Proceedings of the Thirty-Ninth Annual Hawaii International Conference on System Sciences (CD/ROM), January 4-7,2006, Computer Society Press, Tue, 31 Jan 2006, Ten pages.
E-government is increasingly been used for government administrative reform. In fact, spending in e-government initiatives continues to rise and, among these projects, Internet-based applications are increasingly important. Using a nested research design, this study explores the complex relationships among the relative success of state websites and certain organizational, institutional, and contextual factors.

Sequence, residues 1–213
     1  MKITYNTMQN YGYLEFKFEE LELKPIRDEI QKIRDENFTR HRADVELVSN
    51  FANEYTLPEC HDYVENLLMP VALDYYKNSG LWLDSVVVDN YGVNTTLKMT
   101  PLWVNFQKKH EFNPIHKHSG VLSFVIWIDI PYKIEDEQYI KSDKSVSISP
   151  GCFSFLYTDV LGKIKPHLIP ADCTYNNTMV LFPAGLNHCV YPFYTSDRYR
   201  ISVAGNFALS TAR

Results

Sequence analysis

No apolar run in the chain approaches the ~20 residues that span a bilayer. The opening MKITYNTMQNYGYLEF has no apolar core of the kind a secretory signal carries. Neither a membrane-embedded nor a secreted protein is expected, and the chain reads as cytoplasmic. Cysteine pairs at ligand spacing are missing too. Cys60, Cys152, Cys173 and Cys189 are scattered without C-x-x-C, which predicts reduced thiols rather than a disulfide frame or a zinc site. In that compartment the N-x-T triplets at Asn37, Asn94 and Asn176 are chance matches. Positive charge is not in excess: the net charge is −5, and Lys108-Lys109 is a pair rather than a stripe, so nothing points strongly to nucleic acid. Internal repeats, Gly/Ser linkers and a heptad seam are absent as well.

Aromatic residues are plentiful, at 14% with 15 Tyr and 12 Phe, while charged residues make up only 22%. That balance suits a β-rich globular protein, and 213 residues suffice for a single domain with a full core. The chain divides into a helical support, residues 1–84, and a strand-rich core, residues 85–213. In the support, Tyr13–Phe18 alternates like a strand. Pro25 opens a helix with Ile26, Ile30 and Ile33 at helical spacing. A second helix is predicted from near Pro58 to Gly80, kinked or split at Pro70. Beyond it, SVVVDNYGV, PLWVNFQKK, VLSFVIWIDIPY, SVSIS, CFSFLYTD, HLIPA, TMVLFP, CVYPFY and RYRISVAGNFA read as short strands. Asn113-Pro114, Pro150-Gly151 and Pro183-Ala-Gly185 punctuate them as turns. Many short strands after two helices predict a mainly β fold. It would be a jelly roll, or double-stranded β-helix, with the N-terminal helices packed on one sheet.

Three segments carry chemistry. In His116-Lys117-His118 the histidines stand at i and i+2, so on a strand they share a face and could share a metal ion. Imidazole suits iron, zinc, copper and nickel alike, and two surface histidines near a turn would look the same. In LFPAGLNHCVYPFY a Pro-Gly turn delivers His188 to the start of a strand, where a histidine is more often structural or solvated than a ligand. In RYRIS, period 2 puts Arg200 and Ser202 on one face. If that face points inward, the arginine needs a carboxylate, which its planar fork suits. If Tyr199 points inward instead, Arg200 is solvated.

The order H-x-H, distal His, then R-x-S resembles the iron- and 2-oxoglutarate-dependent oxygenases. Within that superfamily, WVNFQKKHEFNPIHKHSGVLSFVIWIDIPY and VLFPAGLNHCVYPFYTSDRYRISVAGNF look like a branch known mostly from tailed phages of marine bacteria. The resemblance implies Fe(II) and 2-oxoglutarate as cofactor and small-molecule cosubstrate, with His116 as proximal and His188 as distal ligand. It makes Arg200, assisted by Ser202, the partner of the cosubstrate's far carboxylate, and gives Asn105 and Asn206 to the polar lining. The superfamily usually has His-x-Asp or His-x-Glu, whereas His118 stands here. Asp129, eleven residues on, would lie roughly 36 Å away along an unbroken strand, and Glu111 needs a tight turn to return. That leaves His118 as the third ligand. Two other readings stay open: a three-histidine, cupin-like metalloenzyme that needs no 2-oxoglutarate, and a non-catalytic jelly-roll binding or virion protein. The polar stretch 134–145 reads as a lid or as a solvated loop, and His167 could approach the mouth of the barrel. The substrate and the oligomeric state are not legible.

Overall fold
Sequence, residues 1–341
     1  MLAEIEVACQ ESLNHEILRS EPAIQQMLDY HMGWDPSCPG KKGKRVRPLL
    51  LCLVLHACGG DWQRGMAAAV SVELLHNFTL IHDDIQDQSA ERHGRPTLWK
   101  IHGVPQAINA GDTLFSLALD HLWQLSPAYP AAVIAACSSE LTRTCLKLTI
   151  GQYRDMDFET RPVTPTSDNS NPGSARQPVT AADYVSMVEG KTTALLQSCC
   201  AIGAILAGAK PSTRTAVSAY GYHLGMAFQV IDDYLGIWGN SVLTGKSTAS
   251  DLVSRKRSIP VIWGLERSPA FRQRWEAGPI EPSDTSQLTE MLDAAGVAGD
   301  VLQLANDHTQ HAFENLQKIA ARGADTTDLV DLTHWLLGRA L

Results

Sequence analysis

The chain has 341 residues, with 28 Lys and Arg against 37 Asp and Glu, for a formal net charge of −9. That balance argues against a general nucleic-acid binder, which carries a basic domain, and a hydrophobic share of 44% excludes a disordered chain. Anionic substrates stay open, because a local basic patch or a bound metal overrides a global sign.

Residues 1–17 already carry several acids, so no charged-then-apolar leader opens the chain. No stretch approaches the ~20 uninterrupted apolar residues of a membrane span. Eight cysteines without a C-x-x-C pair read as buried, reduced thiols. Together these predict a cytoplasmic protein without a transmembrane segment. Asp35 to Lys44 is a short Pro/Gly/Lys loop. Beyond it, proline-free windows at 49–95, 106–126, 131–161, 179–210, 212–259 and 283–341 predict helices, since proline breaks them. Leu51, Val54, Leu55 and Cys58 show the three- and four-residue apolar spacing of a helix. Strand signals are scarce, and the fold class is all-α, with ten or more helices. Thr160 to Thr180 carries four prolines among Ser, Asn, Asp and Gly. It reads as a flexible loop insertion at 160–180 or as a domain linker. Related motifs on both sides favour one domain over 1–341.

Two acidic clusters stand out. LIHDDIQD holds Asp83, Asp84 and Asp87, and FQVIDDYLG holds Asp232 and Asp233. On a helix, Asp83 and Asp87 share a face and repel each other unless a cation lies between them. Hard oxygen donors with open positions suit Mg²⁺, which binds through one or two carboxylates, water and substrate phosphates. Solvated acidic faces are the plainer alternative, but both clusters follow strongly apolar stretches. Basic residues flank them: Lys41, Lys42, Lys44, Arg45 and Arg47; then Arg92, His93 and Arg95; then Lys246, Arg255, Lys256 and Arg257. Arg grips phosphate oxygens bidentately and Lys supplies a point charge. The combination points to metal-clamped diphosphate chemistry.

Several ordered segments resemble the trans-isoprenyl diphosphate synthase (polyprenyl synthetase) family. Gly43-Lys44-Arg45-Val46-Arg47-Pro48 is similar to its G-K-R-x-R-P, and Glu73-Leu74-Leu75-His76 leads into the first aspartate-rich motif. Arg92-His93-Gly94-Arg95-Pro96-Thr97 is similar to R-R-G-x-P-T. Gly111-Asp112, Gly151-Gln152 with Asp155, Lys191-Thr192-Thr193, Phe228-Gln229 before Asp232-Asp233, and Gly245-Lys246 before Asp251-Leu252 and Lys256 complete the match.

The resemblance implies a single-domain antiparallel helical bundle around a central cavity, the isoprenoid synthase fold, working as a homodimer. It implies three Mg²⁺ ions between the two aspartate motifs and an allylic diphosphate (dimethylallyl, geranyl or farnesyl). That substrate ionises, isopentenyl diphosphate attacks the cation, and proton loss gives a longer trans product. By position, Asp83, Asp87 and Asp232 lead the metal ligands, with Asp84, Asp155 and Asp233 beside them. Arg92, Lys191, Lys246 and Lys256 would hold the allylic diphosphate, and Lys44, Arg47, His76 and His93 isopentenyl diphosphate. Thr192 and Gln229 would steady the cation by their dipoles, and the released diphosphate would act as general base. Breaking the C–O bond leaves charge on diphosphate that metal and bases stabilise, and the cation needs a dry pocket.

Based on a PLS analysis involving all 50 states and two rich case studies, this paper identifies several generalizable relationships and case-specific differences. For instance, organizational factors such as size of the IT organization, budget structure, IT training, in-house development, outsourcing, and marketing strategy were found to significantly affect the functionality of state websites. However, some of these factors play different roles in different contexts, their relevance is affected by state-specific environmental conditions, and the reasons why they are important also differ from setting to setting.
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